Tuesday, 30 December 2008

A Bittersweet Life: Loke Hoe Kit Cello Recital / Review

with LIM YAN, Piano
Esplanade Recital Studio
Saturday (27 December 2008)

This review was published in The Straits Times on 29 December 2008.

Those sceptics who wondered where the Singapore Symphony Orchestra would find young Singaporean soloists to star in its annual President’s Young Talents Concert series should rest easy given the quality of new names coming through. The New York-trained cellist Loke Hoe Kit is one of these, and his demanding solo recital gave much reason for hope.

Sporting sunshades and a coiffure streaked with crimson tints and sparkles, one could be forgiven for expecting the worst, but Loke proved that his musicianship was more than just packaging. The opening with a Desplanes Intrada and Haydn Divertimento was a quite arresting one, at once highlighting a solid grounding in sound production, one comfortably alternating between lyricism and athleticism.

Off came the shades, revealing mascara and more sparkles on the eyelashes! This seeming Boy George of the cello than polished off Swiss-American composer Ernest Bloch’s Schelomo, a single-movement concerto inspired by the biblical King Solomon’s book of Ecclesiastes. Here was a time to be serious, and his oration moved with much eloquence and persuasion, distinguished with bold strokes and gestures, like an impassioned voice from the wilderness.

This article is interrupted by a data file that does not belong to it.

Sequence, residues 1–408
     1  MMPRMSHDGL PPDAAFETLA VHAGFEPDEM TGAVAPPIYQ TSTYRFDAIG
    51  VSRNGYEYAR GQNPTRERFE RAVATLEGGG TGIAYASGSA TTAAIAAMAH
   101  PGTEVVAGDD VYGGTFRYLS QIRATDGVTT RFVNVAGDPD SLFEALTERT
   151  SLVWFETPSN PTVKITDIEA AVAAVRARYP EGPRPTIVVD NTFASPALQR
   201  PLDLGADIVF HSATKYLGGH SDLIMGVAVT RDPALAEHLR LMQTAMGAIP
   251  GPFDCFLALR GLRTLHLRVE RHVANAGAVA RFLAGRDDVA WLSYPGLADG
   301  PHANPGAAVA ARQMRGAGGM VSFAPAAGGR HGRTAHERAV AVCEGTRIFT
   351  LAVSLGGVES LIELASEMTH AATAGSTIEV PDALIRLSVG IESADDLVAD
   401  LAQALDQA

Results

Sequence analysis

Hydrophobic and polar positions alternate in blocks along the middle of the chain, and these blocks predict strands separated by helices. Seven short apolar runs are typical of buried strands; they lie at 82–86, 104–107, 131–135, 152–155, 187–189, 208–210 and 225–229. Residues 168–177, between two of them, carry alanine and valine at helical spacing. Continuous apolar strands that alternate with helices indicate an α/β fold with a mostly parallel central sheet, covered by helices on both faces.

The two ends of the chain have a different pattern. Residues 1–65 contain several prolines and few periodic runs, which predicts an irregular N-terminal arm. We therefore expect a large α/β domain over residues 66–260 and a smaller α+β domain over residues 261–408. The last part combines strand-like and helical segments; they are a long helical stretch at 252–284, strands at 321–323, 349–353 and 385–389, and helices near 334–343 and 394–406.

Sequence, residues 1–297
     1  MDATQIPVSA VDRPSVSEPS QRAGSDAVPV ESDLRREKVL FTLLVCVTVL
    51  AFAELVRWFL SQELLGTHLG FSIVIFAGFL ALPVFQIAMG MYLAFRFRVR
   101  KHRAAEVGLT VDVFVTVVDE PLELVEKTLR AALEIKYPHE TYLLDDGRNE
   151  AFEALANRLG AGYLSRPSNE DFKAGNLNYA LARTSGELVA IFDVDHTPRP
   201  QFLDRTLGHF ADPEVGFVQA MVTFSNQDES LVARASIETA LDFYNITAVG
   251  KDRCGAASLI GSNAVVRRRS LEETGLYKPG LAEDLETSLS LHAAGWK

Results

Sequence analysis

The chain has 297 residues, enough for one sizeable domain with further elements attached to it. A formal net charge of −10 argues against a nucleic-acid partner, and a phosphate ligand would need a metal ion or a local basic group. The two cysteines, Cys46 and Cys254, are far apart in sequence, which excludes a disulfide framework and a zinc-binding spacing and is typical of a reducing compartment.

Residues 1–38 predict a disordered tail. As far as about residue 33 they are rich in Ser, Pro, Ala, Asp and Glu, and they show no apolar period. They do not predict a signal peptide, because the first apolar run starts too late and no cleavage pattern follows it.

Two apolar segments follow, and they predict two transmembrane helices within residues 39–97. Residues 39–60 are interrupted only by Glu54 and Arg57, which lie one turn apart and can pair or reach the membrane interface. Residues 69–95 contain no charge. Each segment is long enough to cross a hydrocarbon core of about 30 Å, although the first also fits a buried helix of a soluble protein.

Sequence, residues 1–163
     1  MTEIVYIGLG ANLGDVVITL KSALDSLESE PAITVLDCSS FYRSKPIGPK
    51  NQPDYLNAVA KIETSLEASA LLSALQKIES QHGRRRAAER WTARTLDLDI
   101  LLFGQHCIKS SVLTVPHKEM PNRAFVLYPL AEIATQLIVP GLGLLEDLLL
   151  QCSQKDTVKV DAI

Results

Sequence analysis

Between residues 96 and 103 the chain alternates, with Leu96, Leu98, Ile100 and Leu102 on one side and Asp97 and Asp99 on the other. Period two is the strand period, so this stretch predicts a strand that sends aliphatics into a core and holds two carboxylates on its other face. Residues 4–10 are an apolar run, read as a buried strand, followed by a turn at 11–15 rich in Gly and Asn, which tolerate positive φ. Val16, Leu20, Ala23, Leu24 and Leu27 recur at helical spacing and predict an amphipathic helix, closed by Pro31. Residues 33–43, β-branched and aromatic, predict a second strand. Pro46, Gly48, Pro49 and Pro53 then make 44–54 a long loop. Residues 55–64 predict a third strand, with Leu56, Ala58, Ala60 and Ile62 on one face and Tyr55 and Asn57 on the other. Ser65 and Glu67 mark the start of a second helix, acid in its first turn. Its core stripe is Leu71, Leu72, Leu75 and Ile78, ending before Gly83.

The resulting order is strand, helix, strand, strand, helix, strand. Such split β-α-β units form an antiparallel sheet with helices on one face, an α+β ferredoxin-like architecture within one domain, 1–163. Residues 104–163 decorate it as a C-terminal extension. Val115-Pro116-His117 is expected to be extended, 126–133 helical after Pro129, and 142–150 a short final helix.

Clearly he realised the music’s deep dark undertones, and that without pain there would be no glory. Sharing the angst was the excellent pianist Lim Yan (left), whose lush orchestral approach to the piano part (also in the composer’s hand) was every bit as trenchant. Lim also shone in the very tricky piano part in Chopin’s Introduction & Polonaise (Op.3).

Local violinist See Ian Ike than joined Loke in two works for violin and cello - Bohuslav Martinu’s Duo No.1 and the popular Handel-Halvorsen Passacaglia. Both musicians operated like hand and glove, adroitly negotiating the music’s twists and turns with much relish.

The Gregor Piatigorsky rewriting of Schubert’s Introduction, Theme and Variations (Op.82 No.2) was based on a quite brilliant work for piano duet, last performed in 2005 by the duo of Dennis Lee and Toh Chee Hung. Here, Loke’s relative reticence came in the way of concluding the “big” pieces on a truly swashbuckling high. Two of the three encore-like pieces that followed - song transcriptions Fauré’s Apres un reve and Debussy’s Beau soir – showed that he was most at home with the meditative and the sensitive.

No comments: